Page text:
My desktop system has a BIOS that makes booting from USB drives cumbersome. The only way I have found to make it work is to plug in the USB drive, power on the computer, press 'delete' to enter BIOS, change the hard drive boot priority to raise the flash drive (which is detected as a hard drive) to the top, then save and reboot. Once I remove the flash drive, BIOS forgets about it, so I have to go through this process on every boot. While I can easily boot from a CD, I would like to add modules and don't like waiting for all of the files to load from the CD while the system is booting and running. Thus, I have decided on a frugal installation (i.e. running Porteus from the compressed modules, with the files on a hard drive instead of a flash drive or CD).
I also have Windows XP Pro installed on this machine, and in the past my own mistakes in playing with Linux bootloaders have broken my Windows installations, so I want to avoid tampering with the normal course of business (I don't want to put grub on my first hard drive's MBR and use it to boot Windows). The solution I have derived is a little convoluted, but gives me the flexibility I want while leaving little room to bork Windows.
Here's an overview of how this setup works:
I set my BIOS to boot from CD first, and the first hard drive (dedicated to Windows) after that. I then insert a grub boot CD, with a menu.lst that chainloads to Windows by default (so Windows always starts if I take no action at boot time -- thus the Windows users in my household don't wind up in Linux if I accidentally leave the CD in the drive), with a second option that chainloads to my second hard drive (dedicated to Linux). I have left my Windows bootloader alone, and installed grub to the same partition on my second hard drive where my Porteus files are located. When I select Linux from the CD's bootloader menu, I get a second menu that gives me several options to boot Porteus.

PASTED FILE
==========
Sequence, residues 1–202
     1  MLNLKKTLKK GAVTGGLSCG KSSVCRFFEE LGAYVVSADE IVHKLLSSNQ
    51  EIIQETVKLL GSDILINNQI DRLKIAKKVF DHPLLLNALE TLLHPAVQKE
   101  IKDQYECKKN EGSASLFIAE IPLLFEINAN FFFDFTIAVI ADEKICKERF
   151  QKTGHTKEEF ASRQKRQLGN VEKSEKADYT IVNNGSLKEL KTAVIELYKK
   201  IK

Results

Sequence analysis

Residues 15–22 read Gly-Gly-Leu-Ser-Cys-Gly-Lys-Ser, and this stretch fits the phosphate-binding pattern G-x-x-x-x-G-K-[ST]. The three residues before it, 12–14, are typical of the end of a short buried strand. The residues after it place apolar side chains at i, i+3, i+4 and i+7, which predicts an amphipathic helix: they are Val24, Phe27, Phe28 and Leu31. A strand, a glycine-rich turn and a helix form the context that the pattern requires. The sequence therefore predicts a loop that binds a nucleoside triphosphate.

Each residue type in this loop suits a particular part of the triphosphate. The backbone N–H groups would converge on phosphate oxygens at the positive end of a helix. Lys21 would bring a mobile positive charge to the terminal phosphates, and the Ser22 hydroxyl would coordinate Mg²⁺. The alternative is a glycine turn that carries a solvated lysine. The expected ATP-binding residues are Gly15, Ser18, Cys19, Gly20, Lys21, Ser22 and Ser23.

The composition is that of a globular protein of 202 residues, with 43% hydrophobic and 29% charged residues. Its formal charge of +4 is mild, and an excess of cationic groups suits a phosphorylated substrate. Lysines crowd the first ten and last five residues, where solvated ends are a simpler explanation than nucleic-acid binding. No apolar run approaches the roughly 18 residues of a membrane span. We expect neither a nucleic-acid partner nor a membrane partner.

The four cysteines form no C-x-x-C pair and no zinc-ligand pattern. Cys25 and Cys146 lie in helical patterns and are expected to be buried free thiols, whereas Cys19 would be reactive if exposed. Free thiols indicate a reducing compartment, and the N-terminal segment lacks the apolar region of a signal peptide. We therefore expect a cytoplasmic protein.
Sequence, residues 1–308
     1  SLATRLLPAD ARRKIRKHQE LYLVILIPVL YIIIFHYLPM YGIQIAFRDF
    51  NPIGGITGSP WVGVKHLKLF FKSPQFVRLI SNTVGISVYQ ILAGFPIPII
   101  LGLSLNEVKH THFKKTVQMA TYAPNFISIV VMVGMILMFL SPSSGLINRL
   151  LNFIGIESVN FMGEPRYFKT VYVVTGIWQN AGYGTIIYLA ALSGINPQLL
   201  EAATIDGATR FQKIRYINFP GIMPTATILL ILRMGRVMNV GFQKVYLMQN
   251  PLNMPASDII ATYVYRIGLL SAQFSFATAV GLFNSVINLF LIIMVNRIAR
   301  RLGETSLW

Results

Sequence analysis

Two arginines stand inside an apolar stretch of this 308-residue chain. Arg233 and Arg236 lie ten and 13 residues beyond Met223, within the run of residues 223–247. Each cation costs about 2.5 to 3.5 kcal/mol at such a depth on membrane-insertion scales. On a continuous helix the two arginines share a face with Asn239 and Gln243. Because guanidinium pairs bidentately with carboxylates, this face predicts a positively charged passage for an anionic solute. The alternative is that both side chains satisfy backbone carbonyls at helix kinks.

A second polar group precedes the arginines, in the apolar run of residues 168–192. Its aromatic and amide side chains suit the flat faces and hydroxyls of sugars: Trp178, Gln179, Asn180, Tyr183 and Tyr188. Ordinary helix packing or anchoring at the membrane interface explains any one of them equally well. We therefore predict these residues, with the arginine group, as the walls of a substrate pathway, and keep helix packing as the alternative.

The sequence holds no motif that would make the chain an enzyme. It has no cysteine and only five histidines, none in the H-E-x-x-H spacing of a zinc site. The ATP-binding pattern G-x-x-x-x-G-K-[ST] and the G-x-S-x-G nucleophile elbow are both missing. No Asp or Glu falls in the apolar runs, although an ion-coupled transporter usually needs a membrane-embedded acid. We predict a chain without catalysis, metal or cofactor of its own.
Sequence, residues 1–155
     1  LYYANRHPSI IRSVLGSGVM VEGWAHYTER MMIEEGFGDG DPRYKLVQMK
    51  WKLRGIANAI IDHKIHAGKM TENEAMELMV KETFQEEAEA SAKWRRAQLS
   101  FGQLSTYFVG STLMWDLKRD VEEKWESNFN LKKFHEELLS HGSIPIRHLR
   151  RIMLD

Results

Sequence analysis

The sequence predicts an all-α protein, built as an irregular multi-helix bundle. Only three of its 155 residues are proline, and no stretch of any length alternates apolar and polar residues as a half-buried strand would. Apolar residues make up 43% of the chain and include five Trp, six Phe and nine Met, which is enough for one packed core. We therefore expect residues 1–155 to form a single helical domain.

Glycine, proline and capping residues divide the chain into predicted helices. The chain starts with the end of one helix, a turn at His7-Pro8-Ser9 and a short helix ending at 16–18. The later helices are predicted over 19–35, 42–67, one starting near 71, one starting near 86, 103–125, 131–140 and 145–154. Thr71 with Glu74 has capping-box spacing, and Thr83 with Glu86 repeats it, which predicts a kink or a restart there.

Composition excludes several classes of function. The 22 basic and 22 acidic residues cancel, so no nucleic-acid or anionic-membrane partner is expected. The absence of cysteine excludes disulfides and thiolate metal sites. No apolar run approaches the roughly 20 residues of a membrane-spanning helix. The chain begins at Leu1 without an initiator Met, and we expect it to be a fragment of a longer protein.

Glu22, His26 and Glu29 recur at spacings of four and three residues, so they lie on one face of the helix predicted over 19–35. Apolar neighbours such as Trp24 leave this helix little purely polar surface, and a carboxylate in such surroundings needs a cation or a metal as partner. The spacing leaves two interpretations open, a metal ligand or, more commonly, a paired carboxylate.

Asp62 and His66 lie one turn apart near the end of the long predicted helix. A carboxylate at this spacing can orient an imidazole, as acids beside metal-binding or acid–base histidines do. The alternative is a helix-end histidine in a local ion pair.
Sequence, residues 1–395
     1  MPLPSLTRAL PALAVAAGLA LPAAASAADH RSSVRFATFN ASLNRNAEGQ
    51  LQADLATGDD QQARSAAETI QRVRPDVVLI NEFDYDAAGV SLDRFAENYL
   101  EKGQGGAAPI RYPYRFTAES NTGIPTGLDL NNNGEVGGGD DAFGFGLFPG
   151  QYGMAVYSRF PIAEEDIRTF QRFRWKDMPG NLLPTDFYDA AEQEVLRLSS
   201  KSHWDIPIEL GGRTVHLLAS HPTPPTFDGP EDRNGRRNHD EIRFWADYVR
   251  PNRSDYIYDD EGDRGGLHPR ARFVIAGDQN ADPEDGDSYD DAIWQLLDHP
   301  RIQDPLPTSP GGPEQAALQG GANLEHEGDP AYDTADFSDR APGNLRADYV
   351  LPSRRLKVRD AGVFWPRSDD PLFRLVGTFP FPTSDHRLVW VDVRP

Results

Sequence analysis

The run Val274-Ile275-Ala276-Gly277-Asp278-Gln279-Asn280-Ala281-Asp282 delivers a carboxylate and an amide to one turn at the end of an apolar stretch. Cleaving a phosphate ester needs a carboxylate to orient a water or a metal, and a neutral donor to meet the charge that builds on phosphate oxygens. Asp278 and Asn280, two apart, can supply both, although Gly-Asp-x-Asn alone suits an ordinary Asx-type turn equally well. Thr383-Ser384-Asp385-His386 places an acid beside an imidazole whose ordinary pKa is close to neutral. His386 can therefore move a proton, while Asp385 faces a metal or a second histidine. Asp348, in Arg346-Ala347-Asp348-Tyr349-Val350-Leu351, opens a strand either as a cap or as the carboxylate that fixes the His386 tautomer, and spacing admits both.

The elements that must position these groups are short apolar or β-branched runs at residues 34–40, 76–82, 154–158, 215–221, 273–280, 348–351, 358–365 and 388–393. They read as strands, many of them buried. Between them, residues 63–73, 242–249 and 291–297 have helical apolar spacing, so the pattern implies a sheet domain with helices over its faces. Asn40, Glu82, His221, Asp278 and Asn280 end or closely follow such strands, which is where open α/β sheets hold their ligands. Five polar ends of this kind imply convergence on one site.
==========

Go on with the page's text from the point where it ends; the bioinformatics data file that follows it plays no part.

If you're familiar with grub, you might be wondering why I am chainloading to an additional grub installation on my second hard drive, rather than simply booting Porteus from grub on the CD. While this is certainly possible and would avoid the need to install grub on any hard drive partitions (I'll give an example of a menu.lst entry for this method below), I chose to chainload so that I don't have to burn a new boot CD every time I make a change to my linux install that would require modifications to the menu.lst. In other words, by chainloading to a second grub install, I have a second menu.lst that is on writeable media.
Steps to implement:
First, I downloaded the Porteus ISO images (I want to have both 32 and 64 bit editions installed) and extracted the contents to my target drive (/mnt/sdb3/32/ and /mnt/sdb3/64/).
Then, following the instructions from this page: http://porteus.org/info/docs/37-install ... drive.html, I installed the grub txz package (while in Porteus booted from a CD), copied the grub files to my target Porteus partition (/mnt/sdb3/boot/grub), and installed the grub bootloader to that partition with the following commands:
Keep in mind the fact that grub starts numbering drives and partitions from 0, while the Linux kernel numbers them from "a" and "1", so grub's "hd1,2" is equivalent to "/dev/sdb3". It's useful to note that if you enter the first part of either of the above commands, for example: 'root (hd' and press the TAB key, grub will attempt to autocomplete the statement just like bash does. You can use this to see which devices are present and which partitions are on each device, to make sure you are installing grub to the appropriate partition (you don't want to install grub to your Windows partition, unless you want grub to handle booting into Windows, which is outside the scope of this document).